I am interested to hear your feedback before making any decisions. Let me know.

Have a great week,

Brian E. Betz, CFP®

Seattle City Council Is Playing With (Amazon) Fire

For some companies, the cost of hiring is going up in Seattle.

The Seattle City Council, by way of a 5-4 vote, approved a "Head Tax" that would charge Seattle companies that earn more than $20 million each year a tax of $500 for every worker they employ. This would generate $75 million in yearly revenue for the city. Of that, $50 million would go toward the construction of "affordable housing", $20 million would go toward emergency shelters to improve the rampant homelessness problem and $5 million would go toward administrative costs.

Critics accuse the tax of being punitive on large companies like Amazon that employ thousands of people. Amazon has protested the tax by halting development on a particular downtown real estate project.

Interestingly, Mayor Jenny Durkan opposed the Head Tax in its original form. She prefers to cut the tax in half to $250 per-employee, but City Council quickly rejected that. The existing proposal can bypass a mayor's veto if it receives 6 votes (one more than the initial vote).

The City Council is playing with fire. The nerve its members have to push Amazon's buttons is pretty stunning. If you compare the South Lake Union area 10 years ago to what it is today you would think it was a different city altogether if not for the Space Needle. That is all due to Amazon.

I have many thoughts on the housing market here/around Seattle, but that is for another time. Regarding homelessness, instead of arbitrarily levying a tax why not work with Amazon, Starbucks, Zillow, etc. to create a plan and obtain funding?

This leads to the main issue I have with it, which is the lack of detail. When there is already a general distrust in how government will use its money, it is especially surprising to target its largest generators of economic growth without a coherent plan. The 500 companies that will be affected may think twice about where they hire in the future.

If Amazon were to scale back development or move its operations, how would that hurt businesses that have benefited from its presence? Construction companies, home contractors and other industries that touch commercial or residential real estate would be adversely impacted.

The City Council is due to vote soon to see if it can collect the 2/3 vote needed to overcome a mayoral veto and enact the Head Tax in its current form.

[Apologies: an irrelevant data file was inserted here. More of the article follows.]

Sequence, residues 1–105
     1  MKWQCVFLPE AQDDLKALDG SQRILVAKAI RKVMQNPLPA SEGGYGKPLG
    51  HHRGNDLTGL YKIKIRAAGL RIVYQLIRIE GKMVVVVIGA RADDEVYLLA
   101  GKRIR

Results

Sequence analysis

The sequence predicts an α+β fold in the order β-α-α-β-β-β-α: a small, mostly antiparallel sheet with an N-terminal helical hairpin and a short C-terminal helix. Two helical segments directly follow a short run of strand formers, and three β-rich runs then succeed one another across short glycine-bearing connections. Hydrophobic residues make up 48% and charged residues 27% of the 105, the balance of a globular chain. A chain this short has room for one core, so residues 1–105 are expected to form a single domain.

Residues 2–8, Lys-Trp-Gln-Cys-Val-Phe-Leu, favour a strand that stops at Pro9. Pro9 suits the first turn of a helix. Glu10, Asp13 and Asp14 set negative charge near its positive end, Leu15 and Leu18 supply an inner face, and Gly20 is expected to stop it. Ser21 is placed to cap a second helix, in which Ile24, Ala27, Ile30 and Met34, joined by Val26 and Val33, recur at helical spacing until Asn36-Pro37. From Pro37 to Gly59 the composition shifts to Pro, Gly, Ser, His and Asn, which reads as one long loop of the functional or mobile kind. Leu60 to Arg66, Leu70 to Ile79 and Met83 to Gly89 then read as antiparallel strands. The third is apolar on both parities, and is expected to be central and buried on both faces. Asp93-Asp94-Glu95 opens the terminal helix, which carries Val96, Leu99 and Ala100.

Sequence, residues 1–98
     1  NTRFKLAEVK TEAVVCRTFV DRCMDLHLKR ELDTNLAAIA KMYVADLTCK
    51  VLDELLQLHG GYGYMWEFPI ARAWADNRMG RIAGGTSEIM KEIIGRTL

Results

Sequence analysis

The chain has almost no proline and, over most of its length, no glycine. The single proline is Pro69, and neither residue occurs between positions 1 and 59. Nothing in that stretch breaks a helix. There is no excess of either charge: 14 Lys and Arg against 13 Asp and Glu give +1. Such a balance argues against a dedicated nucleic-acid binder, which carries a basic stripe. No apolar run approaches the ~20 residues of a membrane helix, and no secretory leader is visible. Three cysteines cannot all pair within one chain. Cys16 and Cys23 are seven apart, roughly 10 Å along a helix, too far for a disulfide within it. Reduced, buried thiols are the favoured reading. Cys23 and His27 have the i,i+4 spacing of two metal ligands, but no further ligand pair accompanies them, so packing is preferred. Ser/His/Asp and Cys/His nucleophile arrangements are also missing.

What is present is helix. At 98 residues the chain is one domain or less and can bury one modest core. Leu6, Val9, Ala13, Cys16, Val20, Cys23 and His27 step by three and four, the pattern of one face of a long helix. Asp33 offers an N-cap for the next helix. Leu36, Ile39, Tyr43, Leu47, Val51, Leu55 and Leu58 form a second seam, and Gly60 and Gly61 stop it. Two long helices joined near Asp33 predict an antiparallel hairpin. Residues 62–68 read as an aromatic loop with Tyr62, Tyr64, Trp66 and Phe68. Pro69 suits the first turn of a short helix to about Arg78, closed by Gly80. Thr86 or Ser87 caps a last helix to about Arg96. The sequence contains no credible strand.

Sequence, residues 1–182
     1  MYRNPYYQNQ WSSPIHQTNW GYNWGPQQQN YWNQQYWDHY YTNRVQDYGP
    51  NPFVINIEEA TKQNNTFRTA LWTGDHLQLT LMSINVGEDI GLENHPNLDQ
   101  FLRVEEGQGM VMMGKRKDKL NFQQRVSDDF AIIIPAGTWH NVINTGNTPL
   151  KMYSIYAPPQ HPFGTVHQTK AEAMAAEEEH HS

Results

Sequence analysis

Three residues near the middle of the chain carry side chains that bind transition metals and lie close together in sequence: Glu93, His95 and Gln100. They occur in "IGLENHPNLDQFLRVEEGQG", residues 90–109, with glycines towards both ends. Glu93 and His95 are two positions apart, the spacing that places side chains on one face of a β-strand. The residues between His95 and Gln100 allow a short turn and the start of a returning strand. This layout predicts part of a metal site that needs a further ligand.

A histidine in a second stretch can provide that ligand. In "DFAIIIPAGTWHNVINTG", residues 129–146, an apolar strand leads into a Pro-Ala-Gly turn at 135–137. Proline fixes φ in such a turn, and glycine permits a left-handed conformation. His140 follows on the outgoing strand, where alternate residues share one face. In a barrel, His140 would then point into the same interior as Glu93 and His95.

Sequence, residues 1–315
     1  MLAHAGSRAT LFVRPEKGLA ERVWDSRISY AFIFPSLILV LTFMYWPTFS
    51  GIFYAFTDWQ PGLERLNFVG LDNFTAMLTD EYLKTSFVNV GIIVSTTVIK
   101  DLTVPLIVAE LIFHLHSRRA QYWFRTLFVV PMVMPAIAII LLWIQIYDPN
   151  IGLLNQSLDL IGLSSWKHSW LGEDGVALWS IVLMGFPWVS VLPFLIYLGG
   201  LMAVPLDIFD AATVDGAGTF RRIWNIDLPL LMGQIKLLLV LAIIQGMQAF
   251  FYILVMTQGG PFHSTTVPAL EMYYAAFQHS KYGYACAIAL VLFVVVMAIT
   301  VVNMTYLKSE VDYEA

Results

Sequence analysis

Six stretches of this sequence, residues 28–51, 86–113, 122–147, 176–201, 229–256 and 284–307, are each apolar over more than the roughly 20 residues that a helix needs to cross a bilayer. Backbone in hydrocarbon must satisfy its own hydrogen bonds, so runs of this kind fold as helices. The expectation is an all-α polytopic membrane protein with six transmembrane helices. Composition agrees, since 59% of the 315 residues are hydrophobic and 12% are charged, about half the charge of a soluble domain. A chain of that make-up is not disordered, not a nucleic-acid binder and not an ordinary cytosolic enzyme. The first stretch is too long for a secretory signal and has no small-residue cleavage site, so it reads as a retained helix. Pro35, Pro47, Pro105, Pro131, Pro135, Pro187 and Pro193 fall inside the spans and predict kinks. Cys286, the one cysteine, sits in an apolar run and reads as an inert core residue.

In The Market...

The S&P 500 gained +2.6% this past week. Let's look under the hood:

(price data via

No doubt last week was solid. Nearly every stock sector was positive and the bond market even finished in the green. The two sectors we have liked most -- Technology and Energy -- led the way, rising nearly +4.0% apiece on the week.

Looking more broadly at the entire market as a whole, the S&P 500 has broken free above its recent downtrend, as shown here:

(chart created in

Notice how the price of the S&P index broke above the falling trend line (in pink). This is encouraging but not necessarily a guarantee that stock prices are off to the races. The index remains roughly -4.5% below its all-time high. I could see the rally persisting up until it starts to press against that high, at which point prices will likely hit some headwinds.

Coming into this week, Tech continues to look the best. We added a Tech sector fund to many accounts last week. We are looking to add either Energy or Consumer Discretionary sector funds in the coming days if prices continue to rise.

In Our Portfolios...

What's New With Us?

For those of you who actively login to Morningstar to view portfolio performance information, there is a new-and-improved site that you should use moving forward. The new site is:

This revamped Morningstar platform provides greater account detail, smoother navigation and a better overall interface. Let me know if you have any questions. It remains the place where monthly fee summaries will be posted.

Finally, happy belated Mother's Day to all you moms!

Brian E. Betz, CFP®